One of my friends, Jerry, has a great story about tire sealant.
Jerry was down in Utah riding the Mill Fork Canyon Trail and returning to their base of operations in Grantsville. His group had finished the mountain trail run and was riding back to town and decided to cut across a large section of open ground to save some time. This was just open land with sparse scrub bushes. He always laughs when talking about the event, because at the other end of the scrub, he noted his tire looked funny. To their horror, he and his biking buddies discovered the scrub area was basically filled with goat heads.
This is a picture of the ominous goat head, otherwise known as the seeds of Acanthospermum hispidum. The image is from the USDA-NRCS PLANTS database. It’s pretty obvious where it gets the common name, “goat head.”
This seed is the bane of all innertubes (and feet) everywhere! Jerry said it looked like his tires had a sweater on. All three of the bikes in the mountain biking party had sealant in their tires, and not one of them had lost a significant amount of pressure, yet. He said they stopped when they got to pavement, and figured they’d have to replace the tubes. While they found that many of the goat heads hadn’t penetrated through his Kevlar tires (another reason to get quality tires), dozens of them had. They would just remove the goat head, and give the wheel a spin. He had to pump it up to keep the pressure high, but he said the tube never needed replacement. In fact, he says the tube lasted another season. Not one member of the party was slowed up, other than the remove, top off the air, and go. He noted he finally changed the tube, it had well over 50 punctures that had been filled.
I should note this is an exceptional experience in my opinion. Not everyone’s experience will be 50+ holes filled! Sometimes, the punctures are too big to fill. Sometimes the puncture is in a location the sealant struggles to fill (like on the sidewall), and sometimes the object just repeatedly keeps nailing the tube (it’s why we remove and check the inside of tires when there’s a flat!) And sometimes… (another pun coming) the poor innertubes just can’t handle the pressure.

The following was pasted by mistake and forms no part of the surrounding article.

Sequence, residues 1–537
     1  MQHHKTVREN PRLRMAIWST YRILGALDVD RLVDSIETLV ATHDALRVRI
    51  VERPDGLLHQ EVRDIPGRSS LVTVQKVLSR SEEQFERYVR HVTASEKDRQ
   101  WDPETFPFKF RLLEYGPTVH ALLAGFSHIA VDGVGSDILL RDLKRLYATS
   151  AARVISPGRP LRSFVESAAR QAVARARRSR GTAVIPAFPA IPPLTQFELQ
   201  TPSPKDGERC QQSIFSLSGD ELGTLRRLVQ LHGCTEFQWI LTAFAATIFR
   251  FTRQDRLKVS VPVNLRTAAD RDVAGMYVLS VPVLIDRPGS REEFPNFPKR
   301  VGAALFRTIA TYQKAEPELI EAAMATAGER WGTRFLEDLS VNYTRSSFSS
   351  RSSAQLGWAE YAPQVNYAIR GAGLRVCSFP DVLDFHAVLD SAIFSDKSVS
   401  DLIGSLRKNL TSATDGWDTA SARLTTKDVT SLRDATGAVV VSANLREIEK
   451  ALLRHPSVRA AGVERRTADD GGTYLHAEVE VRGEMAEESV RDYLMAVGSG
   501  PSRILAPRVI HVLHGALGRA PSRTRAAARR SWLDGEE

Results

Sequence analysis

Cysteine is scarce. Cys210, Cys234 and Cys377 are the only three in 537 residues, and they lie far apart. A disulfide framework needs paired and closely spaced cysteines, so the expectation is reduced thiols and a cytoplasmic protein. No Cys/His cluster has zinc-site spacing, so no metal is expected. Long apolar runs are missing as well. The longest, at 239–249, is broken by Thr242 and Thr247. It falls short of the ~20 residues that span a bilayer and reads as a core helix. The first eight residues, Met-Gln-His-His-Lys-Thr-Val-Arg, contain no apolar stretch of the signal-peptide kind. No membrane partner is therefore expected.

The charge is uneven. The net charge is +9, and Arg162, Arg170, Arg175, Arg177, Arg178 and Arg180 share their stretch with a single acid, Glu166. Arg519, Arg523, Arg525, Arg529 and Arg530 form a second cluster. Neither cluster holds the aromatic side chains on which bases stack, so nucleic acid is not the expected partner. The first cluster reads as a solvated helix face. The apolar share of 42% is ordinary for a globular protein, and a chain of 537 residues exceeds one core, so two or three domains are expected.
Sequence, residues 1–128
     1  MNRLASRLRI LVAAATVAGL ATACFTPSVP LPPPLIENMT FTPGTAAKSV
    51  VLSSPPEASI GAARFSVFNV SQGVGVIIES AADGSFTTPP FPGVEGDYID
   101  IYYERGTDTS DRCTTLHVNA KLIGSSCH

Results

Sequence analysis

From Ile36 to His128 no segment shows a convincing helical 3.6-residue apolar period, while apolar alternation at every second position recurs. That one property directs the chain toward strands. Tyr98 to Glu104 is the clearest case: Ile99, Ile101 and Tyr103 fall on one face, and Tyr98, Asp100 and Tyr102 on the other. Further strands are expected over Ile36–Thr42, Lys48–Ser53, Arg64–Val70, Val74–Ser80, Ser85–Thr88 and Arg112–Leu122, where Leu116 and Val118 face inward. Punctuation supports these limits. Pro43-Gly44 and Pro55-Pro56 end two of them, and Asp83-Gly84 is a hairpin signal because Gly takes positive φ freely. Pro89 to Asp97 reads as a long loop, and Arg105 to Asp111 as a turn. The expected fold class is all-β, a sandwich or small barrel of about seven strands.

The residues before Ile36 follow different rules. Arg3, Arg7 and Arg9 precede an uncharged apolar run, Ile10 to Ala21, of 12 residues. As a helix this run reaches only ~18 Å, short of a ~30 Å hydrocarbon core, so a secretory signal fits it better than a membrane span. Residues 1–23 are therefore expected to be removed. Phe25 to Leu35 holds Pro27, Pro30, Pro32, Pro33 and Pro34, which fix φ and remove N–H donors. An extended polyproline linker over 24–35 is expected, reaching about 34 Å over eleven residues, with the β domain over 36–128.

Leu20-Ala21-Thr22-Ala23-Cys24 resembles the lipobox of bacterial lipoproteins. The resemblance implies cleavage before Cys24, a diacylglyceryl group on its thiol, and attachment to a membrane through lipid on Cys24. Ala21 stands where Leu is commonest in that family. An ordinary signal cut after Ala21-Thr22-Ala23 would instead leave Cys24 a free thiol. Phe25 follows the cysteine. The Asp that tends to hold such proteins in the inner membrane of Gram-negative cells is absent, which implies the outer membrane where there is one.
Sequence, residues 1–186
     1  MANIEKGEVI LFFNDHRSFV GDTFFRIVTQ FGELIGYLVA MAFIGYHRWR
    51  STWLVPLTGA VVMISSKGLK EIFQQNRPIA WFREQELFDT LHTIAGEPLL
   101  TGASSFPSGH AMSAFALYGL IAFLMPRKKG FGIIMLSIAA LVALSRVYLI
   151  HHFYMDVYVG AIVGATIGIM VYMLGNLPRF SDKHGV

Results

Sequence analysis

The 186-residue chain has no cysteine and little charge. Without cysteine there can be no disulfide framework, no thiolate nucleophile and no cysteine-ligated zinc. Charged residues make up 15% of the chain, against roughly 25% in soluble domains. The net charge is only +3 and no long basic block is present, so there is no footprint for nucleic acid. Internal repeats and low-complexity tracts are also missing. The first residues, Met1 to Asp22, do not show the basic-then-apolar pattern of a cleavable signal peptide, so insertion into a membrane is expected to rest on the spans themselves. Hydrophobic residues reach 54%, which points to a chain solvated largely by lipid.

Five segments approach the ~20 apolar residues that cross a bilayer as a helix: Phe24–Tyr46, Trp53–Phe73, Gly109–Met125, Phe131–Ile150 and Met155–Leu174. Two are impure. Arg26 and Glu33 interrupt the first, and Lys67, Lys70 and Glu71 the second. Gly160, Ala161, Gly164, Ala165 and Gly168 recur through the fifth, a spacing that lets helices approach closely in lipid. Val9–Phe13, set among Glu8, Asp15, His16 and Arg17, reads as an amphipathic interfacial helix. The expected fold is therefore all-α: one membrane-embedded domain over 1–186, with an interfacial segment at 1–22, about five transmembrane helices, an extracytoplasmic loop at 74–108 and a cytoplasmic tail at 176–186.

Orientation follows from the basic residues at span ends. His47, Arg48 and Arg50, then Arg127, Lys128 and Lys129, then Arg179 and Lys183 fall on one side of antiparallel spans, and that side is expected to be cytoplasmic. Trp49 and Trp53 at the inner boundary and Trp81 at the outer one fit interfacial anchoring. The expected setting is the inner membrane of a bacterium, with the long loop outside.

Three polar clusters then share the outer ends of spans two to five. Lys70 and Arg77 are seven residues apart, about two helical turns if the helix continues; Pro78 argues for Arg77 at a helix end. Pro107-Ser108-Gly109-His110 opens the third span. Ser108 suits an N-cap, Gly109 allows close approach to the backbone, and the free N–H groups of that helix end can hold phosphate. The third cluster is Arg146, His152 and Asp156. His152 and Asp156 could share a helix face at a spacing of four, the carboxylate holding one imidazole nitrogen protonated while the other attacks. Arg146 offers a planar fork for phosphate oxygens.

The sealant that cost a few bucks probably saved him multiple innertube replacements, many flat-fixes, and kept him riding when he normally wouldn’t have been able to. Overall, Jerry’s story is an excellent example of why so many mountain bikers choose to include sealant as part of their strategies to deal with punctures.
When I told him I was writing this, he suggested I include the fact that even though he had sealant in his tires, he also still carried a full repair/replacement kit on him, because it’s just smart. I agree. In the end, though, all he needed was the portable tire pump to top off the tube.
It’s about the best story I can come up with on why the investment is worth it. If you’ve got sealant in your tires, and you’ve heard the hissss and following FFfffftttt.T.., as the hole seals up, you know the investment was worth the few bucks.
Tire sealant. Sure, it’s a bit messy… but it’s good, and the next goat head you meet is less likely to ruin your day. Visit us online @ ridgelinebikenski.com or give us a call for anything you may need!